European governments have eased efforts to restrict Russia’s oil trade and delayed plans to keep Moscow out of key Lloyd’s of London’s marine insurance market, amid concerns over rising oil prices and tight global energy supplies. , allowed some international shipments.
Two months ago, the EU announced a global ban on the provision of marine insurance to ships carrying Russian oil, expecting concerted action with the UK government. However, the UK has yet to introduce similar restrictions.Britain’s participation is crucial to the effectiveness of such a ban, as London is the center of the Marine Corps insurance industry.
Meanwhile, Brussels amended some restrictions on dealings with state-owned Russian companies in late July, citing concerns over global energy security.
The joint UK-EU ban on marine insurance constitutes the most comprehensive restrictions yet on Russian oil, ending access to much of Moscow’s global tanker fleet for export.
However, US officials express concern An immediate global ban on marine insurance would pull millions of barrels of Russian crude oil and petroleum products off the market, pushing up prices.
European and British officials told the Financial Times in May that the UK had reached an agreement with the EU to ban insuring Russian oil cargoes.
But Britain’s latest sanctions against Russia, approved by parliament in July, will only ban the provision of insurance to ships carrying Russian oil to the UK, and will be limited from 31 December onwards. Until the end of the year, UK officials said they have not banned the provision of services to shipments from Russia to other countries.
Patrick Davison, head of underwriting for the Lloyd’s Market Association, a trade body for Lloyd’s insurers, said: “There is no current UK ban that will affect global shipments of Russian oil.” Given the nature of [re] For the insurance industry, the existence of EU restrictions could have a significant impact on demand for Russian oil shipments in London. ”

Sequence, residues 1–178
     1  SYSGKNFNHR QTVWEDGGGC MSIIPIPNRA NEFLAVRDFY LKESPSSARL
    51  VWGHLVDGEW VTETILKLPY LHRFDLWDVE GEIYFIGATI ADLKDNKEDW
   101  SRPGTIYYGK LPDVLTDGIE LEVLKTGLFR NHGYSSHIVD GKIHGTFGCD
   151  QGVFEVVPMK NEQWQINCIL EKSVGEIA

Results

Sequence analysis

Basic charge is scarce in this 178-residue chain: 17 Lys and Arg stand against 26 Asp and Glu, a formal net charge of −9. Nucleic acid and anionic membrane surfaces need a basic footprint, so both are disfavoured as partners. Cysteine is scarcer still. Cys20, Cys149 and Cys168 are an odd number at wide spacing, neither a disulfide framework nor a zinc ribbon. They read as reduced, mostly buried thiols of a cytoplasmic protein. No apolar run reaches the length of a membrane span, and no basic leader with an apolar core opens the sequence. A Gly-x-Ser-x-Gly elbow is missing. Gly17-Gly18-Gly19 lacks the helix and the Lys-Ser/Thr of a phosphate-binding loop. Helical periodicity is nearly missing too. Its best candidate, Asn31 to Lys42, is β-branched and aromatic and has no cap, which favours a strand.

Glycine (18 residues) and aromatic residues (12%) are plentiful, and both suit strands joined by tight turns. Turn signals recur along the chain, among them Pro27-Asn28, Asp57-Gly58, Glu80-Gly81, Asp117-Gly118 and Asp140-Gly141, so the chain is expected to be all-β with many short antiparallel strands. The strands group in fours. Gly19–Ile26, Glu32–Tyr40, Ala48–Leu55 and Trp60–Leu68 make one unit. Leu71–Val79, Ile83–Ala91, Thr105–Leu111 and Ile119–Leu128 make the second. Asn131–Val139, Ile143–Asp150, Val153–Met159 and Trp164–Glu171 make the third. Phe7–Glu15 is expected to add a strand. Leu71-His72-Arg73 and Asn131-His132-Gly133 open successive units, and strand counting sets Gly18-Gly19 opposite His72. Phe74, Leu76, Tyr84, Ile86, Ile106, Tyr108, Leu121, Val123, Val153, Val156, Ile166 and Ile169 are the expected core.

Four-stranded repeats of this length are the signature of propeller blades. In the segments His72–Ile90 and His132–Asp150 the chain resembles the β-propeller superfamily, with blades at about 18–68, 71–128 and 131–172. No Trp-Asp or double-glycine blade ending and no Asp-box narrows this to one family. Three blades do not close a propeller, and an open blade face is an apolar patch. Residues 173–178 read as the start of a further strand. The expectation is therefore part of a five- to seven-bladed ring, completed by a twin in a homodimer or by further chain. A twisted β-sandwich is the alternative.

He said Lloyds was in close contact with [the UK government] “And we will work with them on any future sanctions they are looking to introduce.”
The UK Treasury said it was still exploring the best course of action. “We stand ready to impose further sanctions on Russia and, together with our allies, are working swiftly to ensure that they have the maximum effect on the Russian economy,” he said.
The EU insurance ban was introduced on June 4th and is still in force. This will prevent companies in the block from issuing new insurance for ships carrying Russian oil. Existing contracts are in effect until December 5th when all such business is prohibited.
However, the EU has amended some of its own sanctions, allowing European companies to trade with Russian state-owned companies such as Rosneft for the purpose of transporting oil to countries outside the bloc.
European companies can no longer be prevented from paying Rosneft and others for the purchase or transport of crude oil or petroleum products to third countries “where those transactions are strictly necessary”, a Commission spokesman said. told the FT.
In a statement, the EU said the measures were to “avoid any potential adverse impact on global food and energy security”.
Since June, the White House has urged G7 nations to support a price cap mechanism that would allow some of Russia’s oil to reach third countries, as long as they agree to pay below market prices for the cargo. I’ve been working
Officials in Washington said the US and UK are still planning to ban maritime services, including insurance, before the EU ban takes full effect in December. But they want to cap oil prices first. US President Joe Biden is keen to cut gas prices ahead of November’s midterm elections.
Sanctions lawyers say the EU appears to be weakening its efforts to stem the global flow of Russian oil, creating new uncertainty among traders over Britain’s commitment to a global insurance ban. said.
Sarah Hunt, a partner at law firm HFW, said trading companies were investigating whether it was now legal to buy Rosneft oil and ship it to countries outside the EU.
“New EU sanctions are effectively allowing European companies to withdraw Russian crude. We were surprised by this,” she said.
Lee Hanson, a partner at another law firm, Reed Smith, said the proposed EU sanctions amendment was a “huge setback” and lawyers hoped for “stronger” measures from the UK. He added.
Additional reporting by Alice Hancock and David Shepard